I have some great news: on Friday, 28 January 2011, at 1 PM, I passed my PhD comprehensive exams. This means that I advance to become what the department calls a PhD Candidate. Many thanks to everyone who has kept me in their thoughts and prayers!
What does it all mean?
Well, first of all, what it doesn’t mean is that I already have a PhD. So no, I am not Dr. Justin Tse yet, although the people who work at academic journals seem to like to address me that way (which is flattering, but terribly misleading!). I’m projecting to finish in 2013, after which (hopefully) I’ll really have a PhD.
What it does mean is that I am now provisionally qualified to do research at the PhD level. The provision is that in about a month, I need to submit a PhD dissertation proposal (a prospectus, as they’d put it in the States). A dissertation is basically the integrated book that I need to write by the end of my PhD. A dissertation proposal details the topic that I will write my PhD dissertation on, the fields that I will engage, and the approaches and methods I will use. So that is forthcoming in March, and it will have something to do with Christians from Hong Kong in the Pacific region. Details are being thought out as we speak!
Over the next month, my plan is to work on a few things. First, there are several conference presentations that I want to squeeze out of a combination of these comprehensives and some work that I’ve been doing in collaboration with Dr. David Ley and Dr. Claire Dwyer on No. 5 Road in Richmond. Second, there are some articles on religion, Asian Americans, and Hongkonger Christians that I want to see if I can draft this month. Third, there is the dissertation proposal itself, but I’ve gotten used to thinking about this because of all the grant proposals I had to write from August to October 2010.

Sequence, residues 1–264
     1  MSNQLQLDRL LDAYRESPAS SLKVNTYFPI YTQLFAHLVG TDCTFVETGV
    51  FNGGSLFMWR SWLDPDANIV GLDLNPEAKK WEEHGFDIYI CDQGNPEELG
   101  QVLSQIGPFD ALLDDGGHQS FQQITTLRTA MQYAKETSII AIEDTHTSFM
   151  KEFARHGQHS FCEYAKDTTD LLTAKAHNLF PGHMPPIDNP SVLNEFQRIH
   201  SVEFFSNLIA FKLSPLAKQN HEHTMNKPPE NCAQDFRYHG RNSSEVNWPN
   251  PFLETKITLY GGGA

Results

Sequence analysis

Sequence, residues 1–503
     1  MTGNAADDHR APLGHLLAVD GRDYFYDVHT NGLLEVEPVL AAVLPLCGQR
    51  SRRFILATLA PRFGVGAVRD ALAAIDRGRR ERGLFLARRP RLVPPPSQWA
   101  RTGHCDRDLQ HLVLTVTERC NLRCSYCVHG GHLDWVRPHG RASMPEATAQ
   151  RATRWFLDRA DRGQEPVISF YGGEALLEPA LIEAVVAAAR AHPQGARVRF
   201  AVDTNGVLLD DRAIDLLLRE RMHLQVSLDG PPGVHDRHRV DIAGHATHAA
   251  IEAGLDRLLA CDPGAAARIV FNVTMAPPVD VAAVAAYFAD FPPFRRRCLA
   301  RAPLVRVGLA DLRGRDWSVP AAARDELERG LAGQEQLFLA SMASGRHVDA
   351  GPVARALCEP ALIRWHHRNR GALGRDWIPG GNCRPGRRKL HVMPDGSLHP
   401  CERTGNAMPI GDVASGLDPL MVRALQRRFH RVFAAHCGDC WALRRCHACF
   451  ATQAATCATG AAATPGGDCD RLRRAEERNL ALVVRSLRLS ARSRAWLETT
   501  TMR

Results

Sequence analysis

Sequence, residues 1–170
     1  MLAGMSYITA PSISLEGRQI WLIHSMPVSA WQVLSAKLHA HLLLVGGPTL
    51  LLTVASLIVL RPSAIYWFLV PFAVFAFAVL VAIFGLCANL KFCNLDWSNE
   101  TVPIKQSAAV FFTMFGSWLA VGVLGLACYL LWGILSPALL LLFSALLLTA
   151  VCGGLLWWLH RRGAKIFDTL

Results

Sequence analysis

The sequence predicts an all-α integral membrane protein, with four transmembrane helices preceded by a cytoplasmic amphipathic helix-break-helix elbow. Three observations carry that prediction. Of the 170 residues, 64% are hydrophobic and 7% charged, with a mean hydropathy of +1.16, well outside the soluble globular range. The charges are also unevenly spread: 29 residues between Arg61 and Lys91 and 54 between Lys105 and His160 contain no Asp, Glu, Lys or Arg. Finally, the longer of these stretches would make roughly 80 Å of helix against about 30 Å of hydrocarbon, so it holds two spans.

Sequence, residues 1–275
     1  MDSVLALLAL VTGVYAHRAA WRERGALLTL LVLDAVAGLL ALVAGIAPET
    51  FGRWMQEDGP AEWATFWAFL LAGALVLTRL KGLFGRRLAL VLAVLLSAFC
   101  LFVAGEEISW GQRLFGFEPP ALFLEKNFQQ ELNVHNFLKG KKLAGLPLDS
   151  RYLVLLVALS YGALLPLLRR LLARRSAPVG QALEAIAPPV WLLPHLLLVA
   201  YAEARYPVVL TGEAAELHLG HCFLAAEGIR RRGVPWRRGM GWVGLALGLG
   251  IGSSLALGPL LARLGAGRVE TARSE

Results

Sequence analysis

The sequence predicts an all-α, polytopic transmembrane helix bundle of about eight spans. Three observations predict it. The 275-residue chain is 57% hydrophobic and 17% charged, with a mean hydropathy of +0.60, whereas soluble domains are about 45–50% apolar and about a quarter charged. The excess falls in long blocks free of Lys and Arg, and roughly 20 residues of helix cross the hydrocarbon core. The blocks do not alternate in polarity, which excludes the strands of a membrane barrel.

So it’s going to be a busy month, but what I can say is that the comprehensives have given me a bit of a boost in terms of knowing literatures on geographies of religion and secularism, Pacific geographies of migration and ethnicity, and urban geographies in the Asia-Pacific a lot better. Now the task is to see if we can put legs on the literature.
Many thanks to everyone who has supported me thus far! There’s still about two more years to go, and I’m excited for the real work that is to come!